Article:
Many things have to happen before Greenwood gets a bypass to relieve its traffic issues. One of those

steps took place on Thursday.

. The Arkansas Department of Transportation met with the public and city leaders about the future of the city, its needs, the cost of a possible bypass.

At the start of every school year on Hwy. 10 bumper to bumper traffic can be seen stretching from well past East Hills to the east to past Denver Street to the west on the first day of classes. It is a problem that has plagued mayors and councils for years. Many plans have been made in the past to try and remedy the situation and that has been part of the problem, too many plans.

Greenwood Mayor Doug Kinslow who reached out last year to the engineering firm Hawkins and Weir, out of Van Buren, to create a single bypass proposal that the city then submitted to the Arkansas Department of Transportation for consideration.

The proposed bypass would go from the intersection of hwy. 96 and East Center, divert it to the South, through Dr. James Burgess’s property, and empty that traffic onto hwy. 10. The plan also proposes the extension of Main Street down to the new bypass. Kinslow stated that Dr. Burgess has agreed to sell the needed property to the city and Burgess is behind the plan 100%.

More than just traffic relief a bypass will ensure that emergency services can reach the east side of town in the event that a bridge were to be damaged or an accident were to block the way for police, fire or ems. “A bypass would be tremendously important,” said Jeff Turner Assistant County Administrator for Sebastian County. “We do a dam break exercise where we employ a helicopter because we would be virtually cutoff if something happened to those bridges. A bypass would be very important to public safety and the health of the entire county.”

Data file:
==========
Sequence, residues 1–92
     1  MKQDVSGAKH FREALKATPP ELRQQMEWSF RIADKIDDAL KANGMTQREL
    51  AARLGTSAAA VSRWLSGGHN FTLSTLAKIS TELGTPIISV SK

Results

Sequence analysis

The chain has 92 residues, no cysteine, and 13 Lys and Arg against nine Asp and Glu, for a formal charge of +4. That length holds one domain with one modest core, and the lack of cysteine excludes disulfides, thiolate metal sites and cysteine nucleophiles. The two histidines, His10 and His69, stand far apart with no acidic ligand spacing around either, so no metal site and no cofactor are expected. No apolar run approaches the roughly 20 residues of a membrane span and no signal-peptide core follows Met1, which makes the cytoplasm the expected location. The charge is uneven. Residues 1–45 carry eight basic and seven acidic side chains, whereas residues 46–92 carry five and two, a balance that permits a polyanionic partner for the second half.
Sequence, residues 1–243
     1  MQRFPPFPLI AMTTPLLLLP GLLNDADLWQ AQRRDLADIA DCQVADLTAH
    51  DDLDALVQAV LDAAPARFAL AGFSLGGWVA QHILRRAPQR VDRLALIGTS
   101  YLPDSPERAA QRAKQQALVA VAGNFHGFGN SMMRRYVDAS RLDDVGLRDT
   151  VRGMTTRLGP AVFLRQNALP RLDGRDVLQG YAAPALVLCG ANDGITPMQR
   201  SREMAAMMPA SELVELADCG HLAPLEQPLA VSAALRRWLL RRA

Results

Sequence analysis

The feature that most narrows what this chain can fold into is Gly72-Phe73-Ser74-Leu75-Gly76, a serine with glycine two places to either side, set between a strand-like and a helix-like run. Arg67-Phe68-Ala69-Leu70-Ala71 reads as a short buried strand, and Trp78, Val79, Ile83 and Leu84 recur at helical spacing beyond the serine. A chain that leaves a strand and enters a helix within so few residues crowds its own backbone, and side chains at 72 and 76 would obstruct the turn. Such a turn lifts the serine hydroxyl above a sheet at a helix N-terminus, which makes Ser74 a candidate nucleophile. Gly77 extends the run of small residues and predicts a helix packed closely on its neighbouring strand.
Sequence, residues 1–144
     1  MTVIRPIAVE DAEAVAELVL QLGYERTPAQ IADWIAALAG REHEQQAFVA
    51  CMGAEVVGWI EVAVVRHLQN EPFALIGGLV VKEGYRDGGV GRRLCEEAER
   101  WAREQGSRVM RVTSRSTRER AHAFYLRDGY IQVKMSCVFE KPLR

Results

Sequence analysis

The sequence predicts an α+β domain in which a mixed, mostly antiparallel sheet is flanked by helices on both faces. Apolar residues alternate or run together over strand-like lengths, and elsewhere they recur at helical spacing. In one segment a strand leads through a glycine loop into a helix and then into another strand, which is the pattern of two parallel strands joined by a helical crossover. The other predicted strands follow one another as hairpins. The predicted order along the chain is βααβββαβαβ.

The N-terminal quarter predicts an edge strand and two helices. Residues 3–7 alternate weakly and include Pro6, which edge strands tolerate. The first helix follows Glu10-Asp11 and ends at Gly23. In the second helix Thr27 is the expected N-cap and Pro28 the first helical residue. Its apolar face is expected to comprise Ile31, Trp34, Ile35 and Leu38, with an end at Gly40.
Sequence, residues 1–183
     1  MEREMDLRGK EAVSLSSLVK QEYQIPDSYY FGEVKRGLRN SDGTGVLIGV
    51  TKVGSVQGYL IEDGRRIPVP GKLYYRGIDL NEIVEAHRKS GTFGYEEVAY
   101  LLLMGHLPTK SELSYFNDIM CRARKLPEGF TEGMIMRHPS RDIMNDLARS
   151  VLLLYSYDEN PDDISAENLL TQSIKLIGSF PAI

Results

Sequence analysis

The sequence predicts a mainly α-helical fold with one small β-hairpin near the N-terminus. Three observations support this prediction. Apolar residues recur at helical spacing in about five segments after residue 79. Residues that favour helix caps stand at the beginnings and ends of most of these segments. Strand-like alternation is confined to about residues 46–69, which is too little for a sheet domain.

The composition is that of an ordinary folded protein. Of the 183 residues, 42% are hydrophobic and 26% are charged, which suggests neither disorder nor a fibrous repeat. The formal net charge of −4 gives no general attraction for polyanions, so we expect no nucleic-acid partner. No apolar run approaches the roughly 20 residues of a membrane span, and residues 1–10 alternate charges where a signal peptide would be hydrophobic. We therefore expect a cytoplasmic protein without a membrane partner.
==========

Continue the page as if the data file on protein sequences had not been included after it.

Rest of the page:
A ballpark estimate for the project was made by ARDOT of $26.3 million, for the four lane one mile stretch of road that will not only have to be elevated but will include three bridges which Kinslow estimates could cost $1 million a piece.

If the numbers are to be believed Greenwood is on the verge of a population increase unlike anything in the city’s history. In 2016 the Frontier Metropolitan Planning Organization predicted that the largest population growth in the area is expected to be in Greenwood with a 153 percent projected increase by the year 2040. All this adds up to a population of approximately 24,495 by 2040, which is shocking considering that the current number is just 9,666.

A bypass will not only get the traffic moving through town but may open up new areas of the city to the south for the development of not only residential but of commercial properties in Greenwood.

Mayor Kinslow stated that the three key elements to getting the project approved:


The city is projected to have two million dollars in the bank by the end of the year for street improvements and could have up to four million if they were to bond the three quarter cent sales tax, which would require a vote of the citizens to approve. Four million dollars, depending on the cost of the project may or may not be enough. Kinslow stated that he understands that the city needs to be prepared to fund fifty percent of the total project.

-The city should already have the property either purchased or agreed to purchase.

The property is available and the landowner, Dr. Burgess, is willing to sell the needed land to the city.

- A section of state highway that the ADOT can turn over to the city to maintain.

And the city could potentially take over hwy. 10 that runs through town after the ADOT overlays it.